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7.4 Population of the three communities on time scale

Before discussing the population of these communities, it is necessary to understand the population growth of humans in India and world from the time when they started to evolve.

7.4.1 Population of world
According to research and genetic evidences, the present human population of the world is estimated to be descending from 1,000-10,000 breeding pairs of humans who lived in Africa around 70000 BC. By 8000 BC, the number is estimated to have grown approximately 15 million with the population migrating and settling in different parts of the world. By 1st AD, the number is estimated between 170 and 400 million. For the next 1650 years, it is estimated to be nearly stagnant due to heightened levels of clashes between different civilizations. By the 17th century, mortality rate went down considerably in certain regions of the world due to industrialization followed by advancement in medical science. As a result, the overall population of humans saw a rapid increase in its numbers and got doubled in just 150 years (1650-1804). With the spread of industrialization and revolution in medical sciences across the world in the coming period, the growth rate accelerated further. The population doubled in 123 years from 1804-1927 and then only in 48 years from 1927-1975, refer table 7.4.1. The trend is likely to remain same for the period of 1975-2025. It is expected that such rapid growth will continue for some more period before it moderates and finally recede.

Table 7.4.1 The world population on time scale [69]


Population Number

70000- 77000 BC (population bottleneck)

1000 – 10000 breeding pairs

8000 BC

5-15 million (50 lakh - 1.5 crore)

1 AD

170 – 400 million (17- 40 crore)

1000 AD

254 – 345 million (25.4 – 34.5 crore)

1650 AD

470 - 545 million (47 -54.5 crore)

1804 AD

1 billion (100 crore)

1927 AD

2 billion (200 crore)

1960 AD

3 billion (300 crore)

1975 AD

4 billion (400 crore)

1999 AD

6 billion (600 crore)

2006 AD

2011 AD

6.5 billion (650 crore)

7.0 billion (700 crore)

7.4.2 Population of humans in India over a period of time

India, one of the oldest civilizations of the world, saw flourishing of human culture from thousands of years due to favorable living conditions. The Vedas, Ramayana, Mahabharata and various mythological works are good literary sources that reveal the values prevalent in ancient India. These works, however, do not help much in estimation of population number or its growth. Based on the descriptions of armies of Pandavas and Kaurvas in the epic Mahabharata, Krishnan in 1988 estimated the population of India between 29.6 and 39.4 million (2.96 – 3.94 crore) at the time of Mahabharata war.

7.4.2a Population around 300 BC [70]
The historical evidences suggest a substantial human population in India even prior to the Christian era. The facts can be gathered from the writings of foreign scholars who visited India during that period. According to Herodotus (490 BC), India was the most populous of all countries in the world. Alexander’s army that invaded India in 327-326 BC, found a large population here. One small kingdom was said to have 37 towns of over 5,000 inhabitants each. The first real empire of India under Chandragupta Maurya (321-297 BC) left records indicating the existence of a standing army of approximately 700,000 (7 lakh) men. To support such a large army, a substantial population had to be there. Based on the historical evidences, Kingsley Davis estimated the population of this period between 100 and 140 million (10 to 14 Crore). The estimate was confirmed by Pran Nath who after a painstaking survey of the literatures concluded that the population of India in 300 BC was between 100 and 140 million. If one considers 400 million as world population for that period, then the entire subcontinent (including Afghanistan) ruled by Chandragupta Maurya was home of minimum 25% of total human population of the world.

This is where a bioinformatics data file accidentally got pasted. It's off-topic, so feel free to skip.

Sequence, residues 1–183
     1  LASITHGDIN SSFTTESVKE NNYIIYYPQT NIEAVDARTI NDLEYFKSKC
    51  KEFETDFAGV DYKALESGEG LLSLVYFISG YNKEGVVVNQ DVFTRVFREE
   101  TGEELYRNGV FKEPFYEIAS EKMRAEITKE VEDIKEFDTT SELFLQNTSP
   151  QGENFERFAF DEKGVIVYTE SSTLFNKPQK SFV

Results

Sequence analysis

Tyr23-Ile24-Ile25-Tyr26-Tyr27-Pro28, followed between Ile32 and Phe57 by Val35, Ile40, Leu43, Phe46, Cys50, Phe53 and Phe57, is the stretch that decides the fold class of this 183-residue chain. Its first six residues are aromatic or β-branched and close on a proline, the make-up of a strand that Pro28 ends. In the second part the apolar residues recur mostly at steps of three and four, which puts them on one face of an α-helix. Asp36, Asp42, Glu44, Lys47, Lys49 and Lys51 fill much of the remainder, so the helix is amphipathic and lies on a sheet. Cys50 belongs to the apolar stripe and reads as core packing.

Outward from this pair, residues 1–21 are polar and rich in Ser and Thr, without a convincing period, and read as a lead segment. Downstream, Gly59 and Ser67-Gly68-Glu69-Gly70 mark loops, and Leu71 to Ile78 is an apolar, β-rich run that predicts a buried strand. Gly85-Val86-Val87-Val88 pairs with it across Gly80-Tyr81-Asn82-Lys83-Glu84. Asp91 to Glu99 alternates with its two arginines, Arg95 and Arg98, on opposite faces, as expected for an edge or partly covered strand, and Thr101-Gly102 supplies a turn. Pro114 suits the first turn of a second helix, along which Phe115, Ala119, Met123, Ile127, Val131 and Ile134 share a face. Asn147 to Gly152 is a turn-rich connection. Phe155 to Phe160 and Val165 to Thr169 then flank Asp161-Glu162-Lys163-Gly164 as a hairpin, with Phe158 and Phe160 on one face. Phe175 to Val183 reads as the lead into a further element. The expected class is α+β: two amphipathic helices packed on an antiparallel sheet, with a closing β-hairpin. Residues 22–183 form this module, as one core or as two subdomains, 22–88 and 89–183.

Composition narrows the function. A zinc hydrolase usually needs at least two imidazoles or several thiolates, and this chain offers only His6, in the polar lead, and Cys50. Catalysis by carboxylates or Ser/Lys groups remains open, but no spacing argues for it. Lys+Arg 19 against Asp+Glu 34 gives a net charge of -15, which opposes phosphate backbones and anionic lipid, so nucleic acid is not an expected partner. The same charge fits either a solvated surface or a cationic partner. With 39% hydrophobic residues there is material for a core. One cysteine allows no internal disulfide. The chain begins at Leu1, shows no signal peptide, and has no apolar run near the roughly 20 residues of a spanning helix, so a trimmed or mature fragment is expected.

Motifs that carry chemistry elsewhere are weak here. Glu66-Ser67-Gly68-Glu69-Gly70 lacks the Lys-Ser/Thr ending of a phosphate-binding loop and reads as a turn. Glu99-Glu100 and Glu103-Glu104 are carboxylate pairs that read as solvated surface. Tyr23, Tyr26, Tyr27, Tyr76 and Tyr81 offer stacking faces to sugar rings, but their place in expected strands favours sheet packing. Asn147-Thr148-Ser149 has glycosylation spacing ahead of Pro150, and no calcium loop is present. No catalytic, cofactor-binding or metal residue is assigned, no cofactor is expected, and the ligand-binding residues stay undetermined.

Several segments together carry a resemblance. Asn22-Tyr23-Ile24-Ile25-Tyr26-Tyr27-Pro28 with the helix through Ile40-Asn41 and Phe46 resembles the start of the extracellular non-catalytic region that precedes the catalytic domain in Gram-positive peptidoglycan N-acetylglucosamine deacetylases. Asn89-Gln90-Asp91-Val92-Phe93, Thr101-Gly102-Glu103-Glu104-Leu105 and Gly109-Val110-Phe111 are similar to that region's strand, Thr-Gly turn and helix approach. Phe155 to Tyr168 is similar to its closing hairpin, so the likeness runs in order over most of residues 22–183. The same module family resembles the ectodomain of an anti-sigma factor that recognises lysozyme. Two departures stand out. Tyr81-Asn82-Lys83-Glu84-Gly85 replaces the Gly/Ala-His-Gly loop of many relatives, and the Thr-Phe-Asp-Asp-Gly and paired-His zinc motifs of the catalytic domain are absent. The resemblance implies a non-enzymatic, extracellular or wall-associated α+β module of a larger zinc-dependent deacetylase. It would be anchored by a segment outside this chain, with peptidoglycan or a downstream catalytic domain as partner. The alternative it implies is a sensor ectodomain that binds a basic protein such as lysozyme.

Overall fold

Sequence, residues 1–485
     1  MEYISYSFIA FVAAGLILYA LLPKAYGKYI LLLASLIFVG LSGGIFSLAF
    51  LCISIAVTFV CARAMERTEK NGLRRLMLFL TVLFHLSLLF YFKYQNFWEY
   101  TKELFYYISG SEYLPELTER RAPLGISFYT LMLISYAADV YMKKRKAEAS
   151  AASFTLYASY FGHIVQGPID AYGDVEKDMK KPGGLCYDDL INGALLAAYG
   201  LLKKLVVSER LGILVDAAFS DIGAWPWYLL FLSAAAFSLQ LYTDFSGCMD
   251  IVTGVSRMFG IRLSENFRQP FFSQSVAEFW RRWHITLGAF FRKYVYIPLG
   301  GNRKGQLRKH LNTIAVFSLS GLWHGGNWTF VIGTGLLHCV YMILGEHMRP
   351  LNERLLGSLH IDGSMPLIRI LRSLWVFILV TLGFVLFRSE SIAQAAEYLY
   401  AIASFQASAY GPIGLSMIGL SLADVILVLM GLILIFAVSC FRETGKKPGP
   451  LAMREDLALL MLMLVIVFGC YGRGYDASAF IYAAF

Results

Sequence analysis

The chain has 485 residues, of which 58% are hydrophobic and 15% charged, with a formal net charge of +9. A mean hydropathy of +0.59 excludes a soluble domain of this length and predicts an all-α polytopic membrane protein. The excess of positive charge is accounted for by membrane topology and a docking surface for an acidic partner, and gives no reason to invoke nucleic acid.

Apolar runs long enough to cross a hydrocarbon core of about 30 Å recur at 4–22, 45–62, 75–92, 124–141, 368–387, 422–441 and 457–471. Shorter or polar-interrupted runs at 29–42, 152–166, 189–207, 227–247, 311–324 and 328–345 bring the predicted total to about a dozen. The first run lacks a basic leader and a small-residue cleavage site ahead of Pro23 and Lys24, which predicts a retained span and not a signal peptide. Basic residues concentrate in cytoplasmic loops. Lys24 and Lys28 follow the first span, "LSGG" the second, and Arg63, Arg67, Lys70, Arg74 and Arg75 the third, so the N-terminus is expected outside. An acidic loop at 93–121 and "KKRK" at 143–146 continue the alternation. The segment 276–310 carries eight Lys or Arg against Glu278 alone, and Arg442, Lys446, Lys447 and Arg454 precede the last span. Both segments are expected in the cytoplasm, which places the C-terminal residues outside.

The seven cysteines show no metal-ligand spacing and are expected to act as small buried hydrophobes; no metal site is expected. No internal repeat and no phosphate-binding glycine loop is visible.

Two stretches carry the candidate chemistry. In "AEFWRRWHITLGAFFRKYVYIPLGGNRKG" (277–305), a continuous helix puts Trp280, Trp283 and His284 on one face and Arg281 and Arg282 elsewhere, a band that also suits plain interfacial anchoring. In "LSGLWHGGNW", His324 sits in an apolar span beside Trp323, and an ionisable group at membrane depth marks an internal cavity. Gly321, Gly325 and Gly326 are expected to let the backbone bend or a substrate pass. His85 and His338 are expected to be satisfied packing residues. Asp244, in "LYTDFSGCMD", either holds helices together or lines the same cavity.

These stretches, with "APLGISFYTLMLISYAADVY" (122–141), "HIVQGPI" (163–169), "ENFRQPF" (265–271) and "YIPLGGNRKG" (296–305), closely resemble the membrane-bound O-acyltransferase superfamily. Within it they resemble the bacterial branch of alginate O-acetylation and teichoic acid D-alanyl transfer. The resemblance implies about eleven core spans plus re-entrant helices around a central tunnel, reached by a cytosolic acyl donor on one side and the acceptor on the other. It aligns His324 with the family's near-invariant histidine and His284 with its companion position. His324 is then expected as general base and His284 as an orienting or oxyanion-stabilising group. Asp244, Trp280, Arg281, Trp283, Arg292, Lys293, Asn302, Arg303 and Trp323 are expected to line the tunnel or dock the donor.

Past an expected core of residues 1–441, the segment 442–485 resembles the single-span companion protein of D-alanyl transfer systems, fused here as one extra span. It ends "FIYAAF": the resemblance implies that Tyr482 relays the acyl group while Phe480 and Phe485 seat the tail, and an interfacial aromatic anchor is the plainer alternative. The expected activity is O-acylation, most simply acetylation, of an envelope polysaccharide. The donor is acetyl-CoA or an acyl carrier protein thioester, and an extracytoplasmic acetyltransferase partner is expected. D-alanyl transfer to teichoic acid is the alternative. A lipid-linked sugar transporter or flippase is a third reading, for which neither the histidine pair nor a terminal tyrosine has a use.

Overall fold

7.4.2b Population around 1600 AD [70]
In 1920, Moreland cited the contemporary accounts to show that in 15th and 16th centuries, Europeans were impressed by the density of settlements in India, both on the plains and the Deccans. Some European visitors considered the country to be overpopulated at that time. Their estimation indicates that India had cities with quarter to half a million in population. Taking into account the strength of the army in the south and the land under cultivation in Akbar’s empire for which a contemporary figure is available and making adjustments for areas about which little was known, Moreland concluded that the total population of India at that time was around 100 million. Other historians also estimated the population of that period and gave figures ranging from 110 to 140 million, refer Table 7.4.2b. These estimates are in agreement with the trend in world population numbers that showed stagnancy from 1st century AD to 1650 AD.

Table 7.4.2b Population figure of India by various historians


Population in million

Estimate Provided By

300 B.C

100 – 140

Pran Nath in 1929 AD

AD 1600

100  (10 crore)

125 (12.5 crore)

135 (13.5 crore)

110 (11 crore)

140 (14 crore)

Moreland in 1920 AD

Davis in 1951 AD

Das Gupta in 1972 AD

Datta in 1960 AD     

Durand in 1967 AD                                                                                                                               

AD 1750

125 (12.5 crore)

Davis in 1951 AD